News / Graphic Design

New NHS graphic identity guidelines for logo, fonts and colours will “maintain public confidence”

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The NHS has published a new graphic identity policy to be rolled out across England, which includes the use of a single, consistent logo, an extended colour palette and a reduced number of fonts. The refreshed brand guidelines define how the logo should be used by NHS organisations and services, which according to The Telegraph has been met with “fury and ridicule” by a number of hospital managers and charities.

The NHS says its visual identity, and how it is presented, “is vitally important” and “affects how people think and feel about our NHS”. The guidelines are a clear framework for correct application of this design, which “is an important way through which we maintain public confidence in the NHS” the policy states. It was devised based on feedback from a two-year review involving 1000 interviews and 28 focus groups with patients and the public.

The logo remains the same as first introduced in 1999, using NHS Blue (Pantone 300) and white, but the new guidelines clarify the framework for how it should be used, along with a refreshed visual identity broadening the colour scheme and paring back the fonts. It also features new digital guidelines.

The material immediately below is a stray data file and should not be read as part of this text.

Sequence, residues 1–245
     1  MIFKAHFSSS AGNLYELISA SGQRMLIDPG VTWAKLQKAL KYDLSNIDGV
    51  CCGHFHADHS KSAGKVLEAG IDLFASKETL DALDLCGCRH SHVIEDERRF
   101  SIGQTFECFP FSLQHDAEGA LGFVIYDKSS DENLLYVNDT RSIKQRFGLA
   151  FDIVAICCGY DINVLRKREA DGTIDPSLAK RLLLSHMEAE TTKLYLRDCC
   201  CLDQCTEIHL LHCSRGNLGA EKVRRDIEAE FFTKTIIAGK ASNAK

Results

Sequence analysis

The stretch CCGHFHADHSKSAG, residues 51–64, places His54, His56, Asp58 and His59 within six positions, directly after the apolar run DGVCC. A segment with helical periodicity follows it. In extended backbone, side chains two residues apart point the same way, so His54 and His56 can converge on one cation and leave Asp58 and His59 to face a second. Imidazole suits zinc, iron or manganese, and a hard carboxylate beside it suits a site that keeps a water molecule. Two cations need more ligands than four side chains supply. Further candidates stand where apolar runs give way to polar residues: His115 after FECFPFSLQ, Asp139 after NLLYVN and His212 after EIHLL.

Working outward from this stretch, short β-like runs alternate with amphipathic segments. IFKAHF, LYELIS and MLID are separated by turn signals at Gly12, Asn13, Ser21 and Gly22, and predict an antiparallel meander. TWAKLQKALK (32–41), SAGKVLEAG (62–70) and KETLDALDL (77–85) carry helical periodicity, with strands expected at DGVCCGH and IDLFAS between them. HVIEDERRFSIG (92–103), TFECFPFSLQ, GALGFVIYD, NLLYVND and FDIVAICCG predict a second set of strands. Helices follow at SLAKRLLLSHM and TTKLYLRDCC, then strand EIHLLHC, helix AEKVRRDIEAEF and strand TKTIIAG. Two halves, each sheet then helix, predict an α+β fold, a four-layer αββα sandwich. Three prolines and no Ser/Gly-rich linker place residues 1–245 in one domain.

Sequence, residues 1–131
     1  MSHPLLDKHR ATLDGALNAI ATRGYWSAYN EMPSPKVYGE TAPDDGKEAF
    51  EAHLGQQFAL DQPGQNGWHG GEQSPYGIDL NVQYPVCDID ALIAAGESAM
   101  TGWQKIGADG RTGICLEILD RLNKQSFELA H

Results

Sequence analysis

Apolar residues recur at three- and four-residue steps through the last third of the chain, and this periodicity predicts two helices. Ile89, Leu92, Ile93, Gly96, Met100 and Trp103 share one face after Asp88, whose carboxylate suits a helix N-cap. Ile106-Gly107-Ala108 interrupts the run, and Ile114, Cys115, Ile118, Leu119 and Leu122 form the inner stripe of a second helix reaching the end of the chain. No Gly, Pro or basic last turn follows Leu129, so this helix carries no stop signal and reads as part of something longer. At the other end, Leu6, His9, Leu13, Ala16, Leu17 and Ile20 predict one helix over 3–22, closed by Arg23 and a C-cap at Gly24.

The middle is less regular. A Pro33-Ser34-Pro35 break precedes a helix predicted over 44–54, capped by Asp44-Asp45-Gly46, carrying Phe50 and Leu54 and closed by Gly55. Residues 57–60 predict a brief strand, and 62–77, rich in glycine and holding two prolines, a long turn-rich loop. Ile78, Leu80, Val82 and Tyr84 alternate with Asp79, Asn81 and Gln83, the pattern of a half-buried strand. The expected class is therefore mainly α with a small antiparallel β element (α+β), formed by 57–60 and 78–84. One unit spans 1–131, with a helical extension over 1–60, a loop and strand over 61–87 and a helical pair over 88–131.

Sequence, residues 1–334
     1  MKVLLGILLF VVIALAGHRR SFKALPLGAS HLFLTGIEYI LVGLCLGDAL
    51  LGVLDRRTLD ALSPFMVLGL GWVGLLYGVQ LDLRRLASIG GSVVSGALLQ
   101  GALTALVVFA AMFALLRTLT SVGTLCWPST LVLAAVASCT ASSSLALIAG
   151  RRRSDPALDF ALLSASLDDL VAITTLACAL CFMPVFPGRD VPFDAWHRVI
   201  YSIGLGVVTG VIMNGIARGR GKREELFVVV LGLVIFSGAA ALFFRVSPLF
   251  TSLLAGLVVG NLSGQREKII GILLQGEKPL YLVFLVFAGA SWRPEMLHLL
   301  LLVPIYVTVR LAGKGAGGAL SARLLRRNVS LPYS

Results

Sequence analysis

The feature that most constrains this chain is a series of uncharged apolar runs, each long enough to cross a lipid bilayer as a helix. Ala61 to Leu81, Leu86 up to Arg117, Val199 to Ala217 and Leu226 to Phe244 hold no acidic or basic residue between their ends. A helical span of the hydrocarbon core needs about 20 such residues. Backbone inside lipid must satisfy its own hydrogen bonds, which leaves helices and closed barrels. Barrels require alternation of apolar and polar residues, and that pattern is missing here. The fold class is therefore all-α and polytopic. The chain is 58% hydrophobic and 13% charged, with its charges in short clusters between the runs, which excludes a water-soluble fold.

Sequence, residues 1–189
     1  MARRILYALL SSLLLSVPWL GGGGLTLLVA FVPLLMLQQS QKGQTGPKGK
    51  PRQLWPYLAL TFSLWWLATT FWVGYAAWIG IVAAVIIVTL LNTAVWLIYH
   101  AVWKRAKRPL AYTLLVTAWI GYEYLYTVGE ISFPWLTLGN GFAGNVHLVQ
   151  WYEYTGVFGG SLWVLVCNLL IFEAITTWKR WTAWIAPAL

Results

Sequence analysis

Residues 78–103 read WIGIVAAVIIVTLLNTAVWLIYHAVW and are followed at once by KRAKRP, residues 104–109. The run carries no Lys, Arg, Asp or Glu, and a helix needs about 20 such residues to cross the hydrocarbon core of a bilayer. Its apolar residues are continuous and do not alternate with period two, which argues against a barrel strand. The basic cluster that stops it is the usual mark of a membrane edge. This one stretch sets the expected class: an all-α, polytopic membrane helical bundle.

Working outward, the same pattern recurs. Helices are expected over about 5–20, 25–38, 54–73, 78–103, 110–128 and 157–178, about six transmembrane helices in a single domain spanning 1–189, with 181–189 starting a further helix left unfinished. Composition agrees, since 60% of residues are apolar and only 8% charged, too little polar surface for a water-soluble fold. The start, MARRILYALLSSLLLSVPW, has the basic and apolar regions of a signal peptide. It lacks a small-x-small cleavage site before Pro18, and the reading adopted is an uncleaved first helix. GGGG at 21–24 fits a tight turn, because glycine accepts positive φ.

“Patients and the public see the NHS as a single, national, unified service and expect and want the NHS identity to be applied in a consistent and uniform way,” the policy states, “it reassures them that they can rely on the quality of healthcare being provided wherever they access it.”

However The Telegraph reports that this means “hundreds of organisations will have to rework all their publicity material” and hospital managers and charities have “poured scorn” on the exercise, saying "it would divert precious resources at a time when the health service is attempting to find £22bn in savings”.

The article goes on to quote John O’Connell, chief executive of the TaxPayers’ Alliance, as saying: “Too often in the NHS we see wasteful spending on non jobs like ‘identity managers’ when there really should be other priorities for limited resources.”

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